Analytics and Alerting#
The Unryo platform processes millions of metrics and events within the stream of data, in order to detect anomalies in real-time.
To determine if conditions are met, Unryo uses numerous alert configurations that cover the major technologies, and that are built-in with best-practices thresholds. When an anomaly is detected, Unryo performs root cause analysis (to determine the probable cause), impact analysis (to identify the impacted resources) and (if specified) can execute notification(s), such as email, SNMP trap, a Microsoft Teams message, or more.
Current and past alerts are visible from the Alert Console, as well as displayed in context in dashboards and topology map.
|The Alert Console||The Alert Console displays current and past alerts.|
|Alert Life Cycle||Alerts in Unryo have a state (active or inactive) and a set a normalized metadata (to facilitate triage and filtering). Users can take actions on them (acknowledge, ownership, ...)|
|Predefined Alerts||Unryo is shipped with tens of default alert rules configured with best practices thresholds covering major technologies.|
|Customizing Alerts||Users can create their own alerts using the Alert Editor.|
|Notification Channels||Unryo supports multiple notification channels, such as sending an
|Root Cause Analysis||The Unryo Correlation Engine determines if the resource is the root-cause or an impact, based on the topology.|
|Impact Analysis||Unryo lets you defines business elements and logical groups, then calculates the impact based on the propagation.|
|ChatGPT Integration||Provides users with insight and potential solutions on their alerts.|
Alert Life Cycle#
Events are processed and regrouped into alerts, which are visible by users in the Alert Console. Events have a set of tags (or properties), some of which are required and some of which are optional. The Alert Engine uses event tags to create alerts, update them and maintain their state (active or inactive).
|resource||Required Tag||Resource associated with the event.|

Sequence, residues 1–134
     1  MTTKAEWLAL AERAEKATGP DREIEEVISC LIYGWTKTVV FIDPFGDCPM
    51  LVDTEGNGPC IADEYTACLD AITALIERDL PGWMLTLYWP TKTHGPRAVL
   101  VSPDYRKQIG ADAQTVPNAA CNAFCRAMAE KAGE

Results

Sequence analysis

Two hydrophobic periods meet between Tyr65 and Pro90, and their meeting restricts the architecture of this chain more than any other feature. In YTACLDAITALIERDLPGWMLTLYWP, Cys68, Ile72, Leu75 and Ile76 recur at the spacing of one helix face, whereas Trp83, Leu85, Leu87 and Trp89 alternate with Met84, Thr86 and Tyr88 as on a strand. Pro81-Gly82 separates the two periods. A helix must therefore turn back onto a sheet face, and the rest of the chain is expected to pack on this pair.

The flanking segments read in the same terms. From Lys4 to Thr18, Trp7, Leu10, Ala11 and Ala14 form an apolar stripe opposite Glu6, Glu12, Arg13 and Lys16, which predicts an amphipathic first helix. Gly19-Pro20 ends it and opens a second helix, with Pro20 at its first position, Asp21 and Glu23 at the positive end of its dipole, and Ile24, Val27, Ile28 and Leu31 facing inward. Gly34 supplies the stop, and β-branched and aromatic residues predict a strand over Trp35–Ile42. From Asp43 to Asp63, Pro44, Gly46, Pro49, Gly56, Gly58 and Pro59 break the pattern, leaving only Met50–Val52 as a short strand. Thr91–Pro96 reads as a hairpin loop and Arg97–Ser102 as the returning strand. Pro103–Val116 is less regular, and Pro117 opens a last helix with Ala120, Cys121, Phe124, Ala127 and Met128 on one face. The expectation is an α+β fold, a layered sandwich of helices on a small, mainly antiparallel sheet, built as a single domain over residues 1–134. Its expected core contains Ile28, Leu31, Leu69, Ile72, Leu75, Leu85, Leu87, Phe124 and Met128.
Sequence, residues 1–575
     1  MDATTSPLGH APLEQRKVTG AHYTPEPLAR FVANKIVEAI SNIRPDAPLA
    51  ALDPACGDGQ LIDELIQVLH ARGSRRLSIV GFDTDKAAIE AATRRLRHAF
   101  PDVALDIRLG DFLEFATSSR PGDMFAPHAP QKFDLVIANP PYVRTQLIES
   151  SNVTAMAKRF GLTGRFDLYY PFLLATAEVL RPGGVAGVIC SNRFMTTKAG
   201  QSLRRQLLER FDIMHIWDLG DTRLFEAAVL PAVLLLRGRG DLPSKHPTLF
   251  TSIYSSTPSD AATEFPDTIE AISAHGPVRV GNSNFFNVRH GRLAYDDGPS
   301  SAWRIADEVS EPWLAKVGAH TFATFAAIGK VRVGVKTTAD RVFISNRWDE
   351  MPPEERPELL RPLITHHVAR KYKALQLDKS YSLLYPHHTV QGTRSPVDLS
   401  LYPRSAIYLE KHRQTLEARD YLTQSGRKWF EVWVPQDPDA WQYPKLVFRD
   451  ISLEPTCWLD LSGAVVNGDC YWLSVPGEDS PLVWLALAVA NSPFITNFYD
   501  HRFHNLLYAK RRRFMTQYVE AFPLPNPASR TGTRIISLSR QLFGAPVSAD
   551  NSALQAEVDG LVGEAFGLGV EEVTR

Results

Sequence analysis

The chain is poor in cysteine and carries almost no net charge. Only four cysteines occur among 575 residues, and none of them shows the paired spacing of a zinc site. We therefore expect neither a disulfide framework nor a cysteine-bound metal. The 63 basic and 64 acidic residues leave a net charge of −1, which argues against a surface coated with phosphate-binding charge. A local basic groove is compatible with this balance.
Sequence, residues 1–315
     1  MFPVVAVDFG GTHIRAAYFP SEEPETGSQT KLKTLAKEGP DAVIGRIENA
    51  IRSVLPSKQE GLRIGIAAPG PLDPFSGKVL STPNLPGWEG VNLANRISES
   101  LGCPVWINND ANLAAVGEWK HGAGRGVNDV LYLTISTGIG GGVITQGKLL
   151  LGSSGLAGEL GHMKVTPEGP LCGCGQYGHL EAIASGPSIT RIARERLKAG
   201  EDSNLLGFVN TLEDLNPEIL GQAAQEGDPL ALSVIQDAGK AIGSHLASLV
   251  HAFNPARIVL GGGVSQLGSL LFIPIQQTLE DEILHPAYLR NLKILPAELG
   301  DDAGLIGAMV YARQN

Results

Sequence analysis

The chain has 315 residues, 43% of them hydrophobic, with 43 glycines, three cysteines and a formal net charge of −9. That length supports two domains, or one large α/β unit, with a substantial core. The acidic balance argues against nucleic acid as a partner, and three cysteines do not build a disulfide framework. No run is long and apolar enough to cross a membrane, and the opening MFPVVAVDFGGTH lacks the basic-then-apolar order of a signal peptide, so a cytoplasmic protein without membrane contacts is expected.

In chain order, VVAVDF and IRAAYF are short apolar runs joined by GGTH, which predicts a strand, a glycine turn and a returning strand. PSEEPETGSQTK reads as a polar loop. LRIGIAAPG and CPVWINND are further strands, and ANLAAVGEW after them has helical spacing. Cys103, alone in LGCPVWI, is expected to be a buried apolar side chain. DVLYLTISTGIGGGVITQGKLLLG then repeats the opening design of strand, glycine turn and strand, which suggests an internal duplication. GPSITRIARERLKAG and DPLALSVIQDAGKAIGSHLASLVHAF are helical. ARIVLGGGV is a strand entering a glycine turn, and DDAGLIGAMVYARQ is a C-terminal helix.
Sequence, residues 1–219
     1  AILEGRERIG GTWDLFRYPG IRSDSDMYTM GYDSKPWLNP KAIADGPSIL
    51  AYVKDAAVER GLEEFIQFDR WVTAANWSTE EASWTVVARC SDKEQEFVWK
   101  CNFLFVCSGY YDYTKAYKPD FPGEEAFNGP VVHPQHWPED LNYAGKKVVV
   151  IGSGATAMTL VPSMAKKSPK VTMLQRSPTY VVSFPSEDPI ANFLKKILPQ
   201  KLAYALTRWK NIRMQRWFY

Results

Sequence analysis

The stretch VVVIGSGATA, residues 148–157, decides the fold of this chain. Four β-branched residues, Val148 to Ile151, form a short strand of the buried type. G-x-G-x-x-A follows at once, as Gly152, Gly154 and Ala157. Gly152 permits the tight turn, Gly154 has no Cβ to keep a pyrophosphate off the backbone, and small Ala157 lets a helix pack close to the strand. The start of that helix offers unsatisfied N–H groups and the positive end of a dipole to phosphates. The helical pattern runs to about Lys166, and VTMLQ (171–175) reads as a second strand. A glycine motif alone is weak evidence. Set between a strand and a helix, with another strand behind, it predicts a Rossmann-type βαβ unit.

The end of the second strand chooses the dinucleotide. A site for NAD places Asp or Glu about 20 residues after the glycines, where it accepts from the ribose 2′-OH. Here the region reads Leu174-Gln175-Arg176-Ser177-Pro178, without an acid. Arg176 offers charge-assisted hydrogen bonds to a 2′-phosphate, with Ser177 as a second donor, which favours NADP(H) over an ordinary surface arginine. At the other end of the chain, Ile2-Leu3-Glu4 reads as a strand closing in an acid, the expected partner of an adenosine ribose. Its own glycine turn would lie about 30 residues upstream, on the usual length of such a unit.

|resource_type||Required Tag||Resource Type for the resource|
|technology||Required Tag||Technology for the resource|
|level||Required Tag||The level (or severity) of the event. Possible values:
|category||Required Tag||The category of the event. Could be any string, or a normalized category:
|eventname||Required Tag||A string that acts as a title of the event. e.g. "High CPU Utilization"|
|eventtext||Required Tag||A string that provides a short description about the event, e.g. "Linux Server is experiencing a high CPU utilization"|
|message||Optional Field||A string that provides a longer description about the event, e.g. "CPU utilization is high: 83.4%" or "CPU utilization is now back to normal: 72.0%"|
|value||Required Field||The value associated with the current event. It has to be a float.|
|measurement||Required Tag||Timeseries measurement that stores the metric|
|alertname||Required Tag||The alert policy that triggered the event, e.g. "Linux CPU"|
|alertID||Required Tag||The unique alert identifier. Automatically set. Could be customized to control events to alert matching.|
If you customize your own alert policies, make sure all the required tags and fields are set on the resulting events. If not, the event could not be interpreted and converted into an alert. You can add your own custom tags and fields.
|Root Cause||Boolean enriched by the Correlation Engine.
Possible actions on alerts:
- Alert Details: Shows information such as alert occurrences, tags, alert policy information, resource information, etc.
- Take Ownership/Release Ownership
- Force Clear: Force clear an alert. Forcibly cleared alerts are slightly different than naturally cleared alerts. They will stay cleared for the remainder of a specific occurrence while naturally cleared alerts will change back to being active on any re-notification.